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University of Oxford investigators used contact tracing to conclude that vaccinated individuals are less likely to spread COVID-19 even if they become reinfected.
One of the primary tools of an infection preventionist’s (IP’s) trade helped scientists determine that people who’ve been vaccinated against COVID-19 are less likely to spread the disease even if a breakthrough infection happens to them. Investigators with the University of Oxford used contact tracing to find about 150,000 contacts from about 100,000 initial infections.
“We performed a retrospective observational cohort study of contacts of SARS-CoV-2-infected index cases using contact testing data from England,” states the study, which has not yet been peer reviewed but is available as a preprint on the server MedRxiv. “We used multivariable logistic regression to investigate the impact of index case and contact vaccination on transmission, and how this varies with Alpha and Delta variants (classified using S-gene detection/calendar trends) and time since second vaccination.”
The study adds to a growing consensus in the medical world that COVID-19 vaccines can reduce the transmission of the highly infectious Delta variant.
“Vaccination reduces transmission of Delta, but by less than the Alpha variant,” the study states.
The investigators found that 2 doses of the Pfizer/BioNTech and the Oxford AstraZeneca vaccines reduced COVID-19 positivity rates in contacts, but the contact who’d been infected by someone with the Delta variant was 65% less likely to test positive for COVID-19 if the person who’d transmitted the infection had been given the Pfizer vaccine. If the contact had been infected by someone who’d been given the AstraZeneca vaccine, that contact was 36% less likely to test positive for COVID-19.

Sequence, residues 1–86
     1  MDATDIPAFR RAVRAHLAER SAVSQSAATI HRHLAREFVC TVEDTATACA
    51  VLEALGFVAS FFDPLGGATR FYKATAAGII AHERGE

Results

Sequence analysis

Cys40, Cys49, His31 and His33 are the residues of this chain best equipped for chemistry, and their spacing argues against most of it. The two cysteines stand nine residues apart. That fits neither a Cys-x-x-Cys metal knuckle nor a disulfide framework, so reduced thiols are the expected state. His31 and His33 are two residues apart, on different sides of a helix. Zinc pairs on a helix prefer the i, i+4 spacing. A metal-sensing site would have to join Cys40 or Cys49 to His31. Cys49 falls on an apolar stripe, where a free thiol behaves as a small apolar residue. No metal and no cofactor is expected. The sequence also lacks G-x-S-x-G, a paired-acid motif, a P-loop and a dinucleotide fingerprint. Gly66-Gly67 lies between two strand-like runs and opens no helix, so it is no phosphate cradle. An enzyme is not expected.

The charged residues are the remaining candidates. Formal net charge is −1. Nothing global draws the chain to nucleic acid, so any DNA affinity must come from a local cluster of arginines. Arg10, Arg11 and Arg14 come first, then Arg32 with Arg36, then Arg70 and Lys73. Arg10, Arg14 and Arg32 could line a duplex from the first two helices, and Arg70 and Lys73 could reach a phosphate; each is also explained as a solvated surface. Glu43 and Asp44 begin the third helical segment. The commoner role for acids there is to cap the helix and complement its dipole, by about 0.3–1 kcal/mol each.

Kevin Kavanagh, MD, a member of Infection Control Today® ‘s (ICT®’s) Editorial Advisory Board says that the study shows that boosters need to be offered to offset the waning effectiveness of vaccines. “Stopping the spread of disease is a high priority not only to prevent severe acute illness and long COVID but also to prevent viral mutations,” says Kavanagh. “Vaccines appear to be a vital strategy in lowering the R0 of SARS-CoV-2 below 1.0 and should be used in combination with surgical or N95 masks, social distancing, testing, contact tracing and improvements in building ventilation.”
Even though the findings had not yet been peer reviewed scientists not associated with the study praised it.
Aaron Richterman, MD, MPH, an infectious disease physician at the University of Pennsylvania, told NBC News that “it’s the highest quality study we have so far on the question of infectiousness of vaccinated people infected with Delta.”
Susan Butler-Wu, PhD, a clinical microbiologist at the University of Southern California, echoed Kavanagh when she told NBC News that “we need to combine our vaccines with other measures to reduce how much virus we get exposed to by things like masking and testing. Additive measures is the name of the game here.”